24 Feb 2014, 02:57 AM Reply Like
  • alan ljl
    , contributor
    Comments (273) | Send Message
    NFLX, no content delivery+noinfrastruct... future free ride.
    This was inevitable, who ever heard of a free ride going on forever?
    23 Feb 2014, 11:09 PM Reply Like
  • jsteinm1
    , contributor
    Comments (161) | Send Message
    I feel like we're on the down hill slide for internet in America....
    23 Feb 2014, 11:52 PM Reply Like
    , contributor
    Comments (166) | Send Message
    Well that didn't take long. Net neutrality was shot down barely more than 1 month ago! I would expect more announcements like this from Netflix as more ISPs want a piece of that action.
    24 Feb 2014, 08:46 AM Reply Like
  • James Sands
    , contributor
    Comments (2728) | Send Message
    Stock is up, Netflix is a great success story no matter what side of the investment fence you are on......
    24 Feb 2014, 10:55 AM Reply Like
  • jumpnjoey77
    , contributor
    Comments (1222) | Send Message
    I up over 300% with Comcast the last 4.2 years.
    24 Feb 2014, 11:01 AM Reply Like
  • James Sands
    , contributor
    Comments (2728) | Send Message
    Congratulations on that one.
    24 Feb 2014, 11:03 AM Reply Like
  • jumpnjoey77
    , contributor
    Comments (1222) | Send Message
    Pay to play.
    24 Feb 2014, 10:59 AM Reply Like
  • Parker Logan
    , contributor
    Comments (247) | Send Message
    NFLX expenses go up and of course! their stock goes up... I love it. This is the most irrational stock traded I've seen in a long time.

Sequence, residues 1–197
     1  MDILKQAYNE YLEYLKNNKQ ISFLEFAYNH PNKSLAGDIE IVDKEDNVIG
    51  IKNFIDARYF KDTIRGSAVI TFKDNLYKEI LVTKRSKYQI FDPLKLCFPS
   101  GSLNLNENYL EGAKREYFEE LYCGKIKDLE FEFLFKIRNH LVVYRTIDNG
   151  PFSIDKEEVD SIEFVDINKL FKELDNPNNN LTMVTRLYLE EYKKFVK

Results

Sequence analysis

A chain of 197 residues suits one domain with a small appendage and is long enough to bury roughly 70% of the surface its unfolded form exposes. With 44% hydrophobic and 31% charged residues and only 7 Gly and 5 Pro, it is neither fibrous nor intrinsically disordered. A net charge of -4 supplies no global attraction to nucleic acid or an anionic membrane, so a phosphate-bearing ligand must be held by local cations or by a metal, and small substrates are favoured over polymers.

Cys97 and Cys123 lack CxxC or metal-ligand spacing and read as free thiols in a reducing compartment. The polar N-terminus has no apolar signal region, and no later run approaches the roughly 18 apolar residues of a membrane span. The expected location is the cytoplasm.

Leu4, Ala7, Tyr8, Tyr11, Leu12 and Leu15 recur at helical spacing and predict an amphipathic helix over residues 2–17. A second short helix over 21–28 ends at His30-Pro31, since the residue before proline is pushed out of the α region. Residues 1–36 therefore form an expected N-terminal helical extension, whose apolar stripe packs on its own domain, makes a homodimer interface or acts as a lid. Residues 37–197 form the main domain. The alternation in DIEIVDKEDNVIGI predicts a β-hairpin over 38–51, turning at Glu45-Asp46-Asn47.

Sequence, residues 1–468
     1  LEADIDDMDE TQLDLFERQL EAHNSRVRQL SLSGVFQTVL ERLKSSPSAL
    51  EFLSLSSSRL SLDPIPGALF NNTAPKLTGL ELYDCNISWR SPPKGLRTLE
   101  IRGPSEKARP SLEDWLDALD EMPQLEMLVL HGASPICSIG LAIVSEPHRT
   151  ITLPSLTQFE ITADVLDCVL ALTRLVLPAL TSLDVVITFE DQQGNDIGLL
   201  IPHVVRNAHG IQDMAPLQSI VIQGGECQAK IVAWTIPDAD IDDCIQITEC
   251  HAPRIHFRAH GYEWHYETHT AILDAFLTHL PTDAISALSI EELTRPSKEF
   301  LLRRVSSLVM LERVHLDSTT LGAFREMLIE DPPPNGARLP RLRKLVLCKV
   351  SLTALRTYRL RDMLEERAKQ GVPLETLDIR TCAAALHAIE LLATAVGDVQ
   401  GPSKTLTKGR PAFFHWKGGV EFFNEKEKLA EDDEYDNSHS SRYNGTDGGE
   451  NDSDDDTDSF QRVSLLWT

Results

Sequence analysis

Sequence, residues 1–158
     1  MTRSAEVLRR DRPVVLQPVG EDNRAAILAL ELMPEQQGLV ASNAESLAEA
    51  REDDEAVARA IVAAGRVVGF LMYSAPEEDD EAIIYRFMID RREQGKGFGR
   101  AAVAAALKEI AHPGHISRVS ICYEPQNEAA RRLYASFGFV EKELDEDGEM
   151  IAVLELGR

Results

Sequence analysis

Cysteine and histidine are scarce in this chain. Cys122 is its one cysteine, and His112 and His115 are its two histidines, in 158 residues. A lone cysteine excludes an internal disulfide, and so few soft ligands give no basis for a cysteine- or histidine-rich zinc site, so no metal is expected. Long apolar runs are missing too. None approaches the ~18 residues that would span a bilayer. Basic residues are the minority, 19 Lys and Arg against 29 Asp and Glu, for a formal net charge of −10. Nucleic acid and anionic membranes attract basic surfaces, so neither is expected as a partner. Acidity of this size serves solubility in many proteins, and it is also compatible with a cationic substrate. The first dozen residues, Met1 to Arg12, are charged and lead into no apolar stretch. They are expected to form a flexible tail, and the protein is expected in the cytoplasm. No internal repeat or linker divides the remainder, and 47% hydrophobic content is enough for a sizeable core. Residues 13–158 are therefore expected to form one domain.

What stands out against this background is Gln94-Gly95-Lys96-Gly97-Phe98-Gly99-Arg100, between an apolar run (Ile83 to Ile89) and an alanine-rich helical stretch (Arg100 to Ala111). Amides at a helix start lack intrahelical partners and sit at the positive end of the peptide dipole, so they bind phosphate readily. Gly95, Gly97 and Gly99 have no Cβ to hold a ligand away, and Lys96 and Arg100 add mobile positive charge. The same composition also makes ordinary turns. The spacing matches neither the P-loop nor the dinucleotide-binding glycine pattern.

24 Feb 2014, 11:04 AM Reply Like
  • th3decider
    , contributor
    Comments (481) | Send Message
    Those of you whining about net neutrality fail to see the VERY obvious solution. Even the article above is very sad in its economic ignorance: "The debate: Who should bear the cost of upgrading Internet networks to carry the growing volume of online video - broadband providers (like Comcast) or content companies (like Netflix)." ----- hmm what about the logical choice, the consumers who use the most internet?


    The net neutrality argument would go away overnight if US consumers simply switched to paying for metered internet access like most of the world does and like almost all US consumers do with data plans for their phone. The whole issue of ISP's needing to "throttle" bandwidth from certain sites is due to the fact that some users would use 500gb to a terrabyte a month while people like my parents probably use at most a gig or two checking email and web browsing, yet they both pay the same monthly rate.